"Liquidity and leverage,"
328, Federal Reserve Bank of New York.
- Stewart C. Myers & Nicholas S. Majluf, 1984. "Corporate Financing and Investment Decisions When Firms Have InformationThat Investors Do Not Have," NBER Working Papers 1396, National Bureau of Economic Research, Inc.
- Myers, Stewart C. & Majluf, Nicholas S., 1984. "Corporate financing and investment decisions when firms have information that investors do not have," Journal of Financial Economics, Elsevier, vol. 13(2), pages 187-221, June.
- Eric S. Rosengren, 2010. "Dividend policy and capital retention: a systemic “first response”," Speech 38, Federal Reserve Bank of Boston.
- Landier, Augustin & Sraer, David & Thesmar, David, 2011. "The risk-Shifting Hypothesis," IDEI Working Papers 699, Institut d'Économie Industrielle (IDEI), Toulouse.
- Landier, Augustin & Sraer, David & Thesmar, David, 2011. "The risk-Shifting Hypothesis : Evidence from Subprime Originations," TSE Working Papers 11-279, Toulouse School of Economics (TSE).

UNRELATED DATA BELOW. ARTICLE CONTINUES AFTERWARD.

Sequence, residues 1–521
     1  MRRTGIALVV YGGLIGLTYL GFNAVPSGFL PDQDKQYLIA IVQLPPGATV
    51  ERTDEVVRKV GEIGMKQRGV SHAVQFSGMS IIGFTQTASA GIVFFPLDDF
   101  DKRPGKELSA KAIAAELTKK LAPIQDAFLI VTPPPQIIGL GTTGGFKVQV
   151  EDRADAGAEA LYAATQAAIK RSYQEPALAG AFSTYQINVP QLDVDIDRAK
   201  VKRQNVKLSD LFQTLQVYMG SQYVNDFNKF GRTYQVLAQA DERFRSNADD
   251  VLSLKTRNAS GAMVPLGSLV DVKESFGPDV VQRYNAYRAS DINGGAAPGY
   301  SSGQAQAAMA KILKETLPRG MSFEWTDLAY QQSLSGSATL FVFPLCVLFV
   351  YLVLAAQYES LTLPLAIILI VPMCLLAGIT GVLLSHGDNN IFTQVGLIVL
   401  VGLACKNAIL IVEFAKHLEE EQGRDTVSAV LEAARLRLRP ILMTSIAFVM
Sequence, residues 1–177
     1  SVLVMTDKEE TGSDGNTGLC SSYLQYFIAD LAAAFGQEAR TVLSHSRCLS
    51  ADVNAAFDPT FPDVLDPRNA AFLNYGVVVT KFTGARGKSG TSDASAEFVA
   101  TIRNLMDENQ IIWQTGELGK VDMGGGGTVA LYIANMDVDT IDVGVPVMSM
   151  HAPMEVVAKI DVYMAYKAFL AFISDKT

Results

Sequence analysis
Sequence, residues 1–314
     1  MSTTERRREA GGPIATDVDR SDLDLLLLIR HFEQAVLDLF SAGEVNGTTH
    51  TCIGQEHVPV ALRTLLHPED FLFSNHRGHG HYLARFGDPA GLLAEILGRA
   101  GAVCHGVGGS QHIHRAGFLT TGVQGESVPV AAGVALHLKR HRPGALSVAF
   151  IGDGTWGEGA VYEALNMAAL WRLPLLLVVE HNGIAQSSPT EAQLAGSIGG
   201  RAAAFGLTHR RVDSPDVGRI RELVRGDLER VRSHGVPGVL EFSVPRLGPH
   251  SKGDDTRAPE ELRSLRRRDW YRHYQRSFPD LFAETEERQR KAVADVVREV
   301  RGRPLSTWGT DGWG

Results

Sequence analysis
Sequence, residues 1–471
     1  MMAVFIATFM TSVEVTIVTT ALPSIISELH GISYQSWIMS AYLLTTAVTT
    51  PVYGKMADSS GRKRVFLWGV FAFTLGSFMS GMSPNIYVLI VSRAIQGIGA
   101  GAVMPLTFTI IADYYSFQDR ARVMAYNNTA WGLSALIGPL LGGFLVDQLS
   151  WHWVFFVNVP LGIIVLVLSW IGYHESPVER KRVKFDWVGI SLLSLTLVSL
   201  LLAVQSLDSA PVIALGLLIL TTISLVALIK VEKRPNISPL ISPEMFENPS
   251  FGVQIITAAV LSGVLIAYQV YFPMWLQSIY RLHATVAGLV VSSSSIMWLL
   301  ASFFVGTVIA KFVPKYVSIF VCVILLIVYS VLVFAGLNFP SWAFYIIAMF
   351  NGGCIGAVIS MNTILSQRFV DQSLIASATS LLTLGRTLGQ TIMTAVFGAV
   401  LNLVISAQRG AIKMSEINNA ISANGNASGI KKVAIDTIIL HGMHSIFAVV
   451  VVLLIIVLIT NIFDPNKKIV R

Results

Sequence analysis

- Haq, Mamiza & Faff, Robert & Seth, Rama & Mohanty, Sunil, 2014. "Disciplinary tools and bank risk exposure," Pacific-Basin Finance Journal, Elsevier, vol. 26(C), pages 37-64.
- Riccetti, Luca & Russo, Alberto & Gallegati, Mauro, 2013. "Financialisation and Crisis in an Agent Based Macroeconomomic Model," MPRA Paper 51074, University Library of Munich, Germany.
- Michal Kowalik, 2011. "Countercyclical capital regulation: should bank regulators use rules or discretion?," Economic Review, Federal Reserve Bank of Kansas City, issue Q II.
- Tommaso Trani, 2012. "Countercyclical Capital Regulation and Bank Ownership Structure," IHEID Working Papers 14-2012, Economics Section, The Graduate Institute of International Studies.
- Anat R. Admati & Peter M. DeMarzo & Martin F. Hellwig & Paul Pfleiderer, 2013. "Fallacies, Irrelevant Facts, and Myths in the Discussion of Capital Regulation: Why Bank Equity is Not Socially Expensive," Working Paper Series of the Max Planck Institute for Research on Collective Goods 2013_23, Max Planck Institute for Research on Collective Goods.
For technical questions regarding this item, or to correct its authors, title, abstract, bibliographic or download information, contact: ().
If references are entirely missing, you can add them using this form.